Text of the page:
I've spend much of my time since Monday working to get the agent-based model I'm currently messing around with (version 3 of ForagerNet3_Demography) to work in version 2.4 of Repast Simphony. Something went awry with my previous installation (2.0) and it made sense to start trying to fix things with the most current version. After many frustrating loops of install/uninstall/reinstall, I finally got a good installation of 2.4 and got my source files moved in and working.
One thing that I wasn't able to make functional in the last version was the batch mode. Batch mode lets you run jobs in batches, speeding up computation by farming out the computational workload to different processors or machines, etc. (doing runs in parallel rather than serial). It wasn't too troublesome that I couldn't get the embedded batch mode working before, as the model I'm working with isn't terribly demanding. There are bigger things coming down the road, however, so I was happy to see the batch mode appeared to be active and ready to go with the new installation.
I spent most of yesterday trying to figure out how to use the batch mode while preserving the data output format that I've created on my own and that works for me. The way I've written the model, it produces a summary data file at the end of each run. The file (just a simple .txt file that I can open in a spreadsheet) preserves information on all the parameter settings used in the run as well as data on the outcomes. In the Repast/Eclipse batch mode, however, that .txt file wasn't getting produced. I was frustrated to learn that I apparently had to redo all the data capturing in the model so that the software could use something called a "file sink" to collect information. I was then relieved to learn that there was a workaround to using the "embedded system:" you can specify an "Optional Output File Pattern:"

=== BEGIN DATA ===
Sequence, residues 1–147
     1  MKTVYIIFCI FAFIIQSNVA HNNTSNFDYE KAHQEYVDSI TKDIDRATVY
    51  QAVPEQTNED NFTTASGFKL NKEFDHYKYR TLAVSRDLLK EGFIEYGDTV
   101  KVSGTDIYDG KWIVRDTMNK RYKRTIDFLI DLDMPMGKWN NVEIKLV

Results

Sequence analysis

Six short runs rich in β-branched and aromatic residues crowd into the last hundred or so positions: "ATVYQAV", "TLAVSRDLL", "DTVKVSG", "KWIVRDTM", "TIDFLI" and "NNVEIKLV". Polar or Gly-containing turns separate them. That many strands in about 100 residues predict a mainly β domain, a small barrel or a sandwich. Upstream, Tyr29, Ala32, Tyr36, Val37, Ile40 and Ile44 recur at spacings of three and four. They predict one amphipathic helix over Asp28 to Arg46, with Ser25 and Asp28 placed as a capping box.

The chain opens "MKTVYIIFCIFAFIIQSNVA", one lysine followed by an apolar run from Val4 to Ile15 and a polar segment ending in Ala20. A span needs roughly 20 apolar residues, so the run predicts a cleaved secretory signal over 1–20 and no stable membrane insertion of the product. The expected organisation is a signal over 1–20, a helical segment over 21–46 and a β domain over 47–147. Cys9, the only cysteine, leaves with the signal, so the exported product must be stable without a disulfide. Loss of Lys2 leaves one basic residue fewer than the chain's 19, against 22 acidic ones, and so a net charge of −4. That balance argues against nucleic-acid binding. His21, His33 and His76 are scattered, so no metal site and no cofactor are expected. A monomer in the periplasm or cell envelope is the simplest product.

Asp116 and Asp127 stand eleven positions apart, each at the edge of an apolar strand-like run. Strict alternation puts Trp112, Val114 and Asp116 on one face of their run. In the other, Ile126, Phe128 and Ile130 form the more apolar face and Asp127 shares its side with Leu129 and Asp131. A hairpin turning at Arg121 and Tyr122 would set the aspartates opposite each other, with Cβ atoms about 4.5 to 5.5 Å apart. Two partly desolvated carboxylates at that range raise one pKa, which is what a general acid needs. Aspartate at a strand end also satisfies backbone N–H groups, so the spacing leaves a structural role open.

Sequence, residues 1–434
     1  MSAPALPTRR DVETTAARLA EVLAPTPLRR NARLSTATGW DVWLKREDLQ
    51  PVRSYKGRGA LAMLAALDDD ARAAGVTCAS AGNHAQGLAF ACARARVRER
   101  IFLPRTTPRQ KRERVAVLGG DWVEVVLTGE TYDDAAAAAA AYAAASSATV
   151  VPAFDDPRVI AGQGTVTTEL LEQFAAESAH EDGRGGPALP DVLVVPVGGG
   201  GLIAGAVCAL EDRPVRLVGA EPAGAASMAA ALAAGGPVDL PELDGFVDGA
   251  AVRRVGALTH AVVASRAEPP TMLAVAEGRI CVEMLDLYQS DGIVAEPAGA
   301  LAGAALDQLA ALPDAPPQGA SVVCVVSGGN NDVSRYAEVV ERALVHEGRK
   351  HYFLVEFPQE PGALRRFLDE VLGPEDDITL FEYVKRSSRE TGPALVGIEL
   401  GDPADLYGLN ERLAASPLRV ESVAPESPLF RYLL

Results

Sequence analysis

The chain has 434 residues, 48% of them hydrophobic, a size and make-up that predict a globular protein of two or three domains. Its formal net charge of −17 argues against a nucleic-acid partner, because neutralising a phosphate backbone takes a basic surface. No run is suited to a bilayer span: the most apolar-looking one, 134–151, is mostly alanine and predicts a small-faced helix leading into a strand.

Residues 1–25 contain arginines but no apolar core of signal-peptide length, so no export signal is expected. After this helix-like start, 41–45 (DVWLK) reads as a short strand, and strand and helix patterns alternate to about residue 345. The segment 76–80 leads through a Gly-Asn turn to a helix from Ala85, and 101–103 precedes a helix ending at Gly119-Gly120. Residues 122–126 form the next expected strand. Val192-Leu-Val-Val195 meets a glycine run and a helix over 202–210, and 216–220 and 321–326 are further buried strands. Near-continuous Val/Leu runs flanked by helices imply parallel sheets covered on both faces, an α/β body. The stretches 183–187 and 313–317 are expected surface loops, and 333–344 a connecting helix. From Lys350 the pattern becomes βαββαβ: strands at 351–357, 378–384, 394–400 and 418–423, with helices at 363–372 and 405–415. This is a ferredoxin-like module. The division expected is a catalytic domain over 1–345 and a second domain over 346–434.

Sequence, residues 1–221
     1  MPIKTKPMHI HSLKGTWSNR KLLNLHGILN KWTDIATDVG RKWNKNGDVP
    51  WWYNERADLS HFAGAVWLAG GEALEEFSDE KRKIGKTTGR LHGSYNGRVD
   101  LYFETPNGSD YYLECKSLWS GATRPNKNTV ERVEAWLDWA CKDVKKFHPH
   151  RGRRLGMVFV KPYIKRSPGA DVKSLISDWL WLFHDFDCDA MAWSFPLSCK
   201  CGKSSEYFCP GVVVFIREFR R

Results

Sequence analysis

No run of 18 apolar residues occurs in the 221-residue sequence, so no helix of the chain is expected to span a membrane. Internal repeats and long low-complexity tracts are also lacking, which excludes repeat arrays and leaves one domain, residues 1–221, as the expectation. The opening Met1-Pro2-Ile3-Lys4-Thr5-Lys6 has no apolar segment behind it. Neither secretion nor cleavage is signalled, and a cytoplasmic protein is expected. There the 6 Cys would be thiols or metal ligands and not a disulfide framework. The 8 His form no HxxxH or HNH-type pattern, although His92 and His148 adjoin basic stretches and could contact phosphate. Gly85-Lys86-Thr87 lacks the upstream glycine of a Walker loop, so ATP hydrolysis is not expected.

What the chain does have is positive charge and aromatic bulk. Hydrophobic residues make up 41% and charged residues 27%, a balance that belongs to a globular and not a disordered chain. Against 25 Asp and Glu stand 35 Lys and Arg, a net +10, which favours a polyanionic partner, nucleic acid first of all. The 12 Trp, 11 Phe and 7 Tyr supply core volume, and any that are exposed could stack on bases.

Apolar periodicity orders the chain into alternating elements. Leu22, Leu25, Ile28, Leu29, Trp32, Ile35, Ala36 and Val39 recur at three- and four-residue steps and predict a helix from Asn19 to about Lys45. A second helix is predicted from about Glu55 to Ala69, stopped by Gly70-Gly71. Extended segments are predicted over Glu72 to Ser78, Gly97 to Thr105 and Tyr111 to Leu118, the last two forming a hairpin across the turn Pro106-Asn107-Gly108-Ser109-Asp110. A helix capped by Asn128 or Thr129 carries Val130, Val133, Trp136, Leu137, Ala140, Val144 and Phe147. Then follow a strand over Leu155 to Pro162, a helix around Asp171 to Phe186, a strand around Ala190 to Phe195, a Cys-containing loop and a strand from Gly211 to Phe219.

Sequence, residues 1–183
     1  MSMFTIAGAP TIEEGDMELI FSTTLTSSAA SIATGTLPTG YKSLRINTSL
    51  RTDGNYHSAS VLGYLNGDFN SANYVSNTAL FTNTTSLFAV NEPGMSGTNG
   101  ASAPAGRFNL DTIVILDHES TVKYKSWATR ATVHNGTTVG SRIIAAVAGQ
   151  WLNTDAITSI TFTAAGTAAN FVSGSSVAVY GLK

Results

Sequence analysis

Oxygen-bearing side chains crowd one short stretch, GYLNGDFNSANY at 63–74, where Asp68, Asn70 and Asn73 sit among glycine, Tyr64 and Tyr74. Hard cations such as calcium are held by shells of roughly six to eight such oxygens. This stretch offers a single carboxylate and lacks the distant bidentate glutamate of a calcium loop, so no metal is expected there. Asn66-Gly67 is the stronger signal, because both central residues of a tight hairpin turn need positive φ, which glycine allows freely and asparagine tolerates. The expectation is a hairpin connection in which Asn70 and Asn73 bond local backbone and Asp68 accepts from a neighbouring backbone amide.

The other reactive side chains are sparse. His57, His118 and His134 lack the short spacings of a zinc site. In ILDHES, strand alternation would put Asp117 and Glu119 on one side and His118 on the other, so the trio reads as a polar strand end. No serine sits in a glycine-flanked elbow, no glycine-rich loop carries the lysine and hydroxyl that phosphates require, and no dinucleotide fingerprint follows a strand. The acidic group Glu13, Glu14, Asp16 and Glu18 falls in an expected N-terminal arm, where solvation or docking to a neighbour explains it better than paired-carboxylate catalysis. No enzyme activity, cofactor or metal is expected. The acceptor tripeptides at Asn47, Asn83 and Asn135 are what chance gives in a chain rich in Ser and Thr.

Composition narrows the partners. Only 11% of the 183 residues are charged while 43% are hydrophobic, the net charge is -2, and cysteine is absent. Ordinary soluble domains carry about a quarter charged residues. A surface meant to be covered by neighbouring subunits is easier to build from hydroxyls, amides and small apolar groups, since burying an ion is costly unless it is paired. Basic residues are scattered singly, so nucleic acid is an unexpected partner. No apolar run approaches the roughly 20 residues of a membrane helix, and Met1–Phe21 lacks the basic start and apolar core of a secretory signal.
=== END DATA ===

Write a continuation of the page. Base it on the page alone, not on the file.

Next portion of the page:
Repast seems to be picky about the settings in the "batch_params.xml" and "parameters.xml" files, wanting them to match. I get null pointer exceptions when I clear everything but the random seed out of the files, so I just left a parameter in to keep the software happy (it does nothing, as it's a constant and doesn't affect any of the settings in the model).
I'm still testing out the batch mode and the model to make sure everything is working properly. My plan then is to modify version 3 to create version 4, which will include some different mortality settings (which, in turn, will necessitate rewriting some of the code that calculates age-specific mortality outcomes). After all that's done, I'm planning on doing some new modeling work to formally follow up on some preliminary observations I presented at the SAA meetings a few years ago.